In heavily invaded areas, lionfish have reduced native fish populations by up to 90%
And therein lies the problem: Lionfish are decimating populations of recreationally, commercially, and ecologically important fish. Notorious for their voracious appetite, lionfish are gobbling up nearly everything that crosses their path. Scientists have found that in heavily invaded sites, native fish populations have declined by up to 90%; Larger predatory fish have even been documented actively avoiding lionfish in these sites. With a stomach capable of expanding up to 66% of its original size and the ability to consume prey up to half their size, lionfish have become the new king of the coral reef – an unrelenting predator with an insatiable appetite. The lionfish is an apex predator in disguise, establishing itself at the top of the food web wherever it swims. Their survivability spans an impressive array of environmental conditions and can be found in nearly all subtropical marine habitats: temperatures as low as 10°C; bodies of water where salinities vary wildly; shallow water and deep water habitats – you name it, the lionfish invasion is almost unstoppable; the operative word here being “almost.”
Eat the enemy!
One of the most common misconceptions about lionfish is that they are poisonous – a common misnomer when describing animals containing toxins used for defense. The lionfish is actually a venomous creature, the difference being that poisonous organisms must be ingested in order to harm the body, whereas venomous creatures must sting or bite in order to deliver their harmful toxin. While this may sound like mostly irrelevant scientific jargon, it actually leads to an interesting realization: Lionfish are delicious.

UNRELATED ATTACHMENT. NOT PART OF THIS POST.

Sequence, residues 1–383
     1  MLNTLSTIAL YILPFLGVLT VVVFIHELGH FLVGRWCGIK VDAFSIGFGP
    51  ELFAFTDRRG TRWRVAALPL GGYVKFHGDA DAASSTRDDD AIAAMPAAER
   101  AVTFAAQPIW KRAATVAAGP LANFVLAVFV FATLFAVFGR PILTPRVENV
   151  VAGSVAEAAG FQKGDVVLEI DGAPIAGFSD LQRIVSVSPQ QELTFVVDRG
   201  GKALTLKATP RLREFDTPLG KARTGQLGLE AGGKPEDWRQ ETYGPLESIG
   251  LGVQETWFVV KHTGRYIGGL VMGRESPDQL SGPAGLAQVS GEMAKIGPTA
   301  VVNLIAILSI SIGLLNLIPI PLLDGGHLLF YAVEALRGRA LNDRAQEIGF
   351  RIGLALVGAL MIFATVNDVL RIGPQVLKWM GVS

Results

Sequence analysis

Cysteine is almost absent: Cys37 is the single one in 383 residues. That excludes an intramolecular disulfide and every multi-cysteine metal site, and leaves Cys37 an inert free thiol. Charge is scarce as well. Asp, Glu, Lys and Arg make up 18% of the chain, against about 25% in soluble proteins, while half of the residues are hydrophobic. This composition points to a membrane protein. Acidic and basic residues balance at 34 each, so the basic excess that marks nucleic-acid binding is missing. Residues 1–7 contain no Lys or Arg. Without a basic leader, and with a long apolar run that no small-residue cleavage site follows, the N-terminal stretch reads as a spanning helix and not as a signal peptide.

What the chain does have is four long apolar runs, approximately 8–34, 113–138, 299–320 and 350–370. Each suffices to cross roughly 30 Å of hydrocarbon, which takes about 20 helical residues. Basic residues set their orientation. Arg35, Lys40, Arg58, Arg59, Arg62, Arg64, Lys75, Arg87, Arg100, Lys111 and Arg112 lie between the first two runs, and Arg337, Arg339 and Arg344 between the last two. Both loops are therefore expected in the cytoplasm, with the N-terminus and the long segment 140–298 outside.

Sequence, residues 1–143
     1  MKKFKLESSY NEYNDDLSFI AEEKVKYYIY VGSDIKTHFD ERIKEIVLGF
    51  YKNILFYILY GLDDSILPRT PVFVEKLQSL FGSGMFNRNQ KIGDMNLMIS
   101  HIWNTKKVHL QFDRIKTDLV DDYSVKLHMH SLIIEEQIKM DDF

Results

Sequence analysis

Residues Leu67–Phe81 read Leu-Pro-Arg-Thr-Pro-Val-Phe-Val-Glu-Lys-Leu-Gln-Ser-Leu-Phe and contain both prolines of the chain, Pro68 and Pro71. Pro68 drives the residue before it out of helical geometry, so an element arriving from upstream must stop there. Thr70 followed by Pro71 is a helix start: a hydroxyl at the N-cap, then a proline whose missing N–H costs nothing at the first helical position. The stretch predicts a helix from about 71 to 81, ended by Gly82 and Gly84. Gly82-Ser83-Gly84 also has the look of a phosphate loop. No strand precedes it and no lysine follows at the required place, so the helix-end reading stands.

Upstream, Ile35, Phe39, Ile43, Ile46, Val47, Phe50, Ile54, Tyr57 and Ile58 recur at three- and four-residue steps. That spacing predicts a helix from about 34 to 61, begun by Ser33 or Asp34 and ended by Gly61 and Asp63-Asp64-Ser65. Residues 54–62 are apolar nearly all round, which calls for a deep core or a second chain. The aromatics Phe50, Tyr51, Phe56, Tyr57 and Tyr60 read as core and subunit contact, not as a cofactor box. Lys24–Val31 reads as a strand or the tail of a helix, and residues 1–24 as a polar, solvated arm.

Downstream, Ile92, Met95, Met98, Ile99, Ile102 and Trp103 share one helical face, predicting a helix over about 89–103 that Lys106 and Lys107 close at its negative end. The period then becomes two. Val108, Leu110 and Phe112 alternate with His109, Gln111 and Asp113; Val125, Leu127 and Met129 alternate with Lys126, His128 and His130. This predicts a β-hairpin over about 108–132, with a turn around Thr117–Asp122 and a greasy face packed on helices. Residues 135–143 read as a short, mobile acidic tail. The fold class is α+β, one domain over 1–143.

Yes, lionfish have 18 venomous spines that, when handled improperly, can deliver a painful, non-lethal sting, but when the spines are removed and discarded, lionfish are completely harmless. Filleted, grilled, and served with cilantro and a peach-mango salsa, lionfish can hold its own with even the pickiest of seafood connoisseurs. In many places, lionfish has even become a delicacy – a highly sought after entrée that benefits an already overfished ocean. And while the lionfish is an incredible example of biological adaptability, the key to restoring the delicate balance of our oceans just might lie in having the species swim in butter rather than our coral reefs. In fact, our best shot at controlling an out-of-sight, out-of-mind ecological disaster may just be our dinner plates. When it comes to solving the lionfish invasion, as the adage goes, “We have to eat ’em to beat ’em!”
Interested in learning more about the lionfish? Check out how Florida Keys locals are rallying around Lionfish derbies to control local populations of lionfish on Florida’s coral reefs. To see what our marine biology camps are doing, check out our Preserving Paradise service journey to the British Virgin Islands with GoBeyond Student Travel.
Images courtesy of REEF, NOAA, USGS, and SportDiver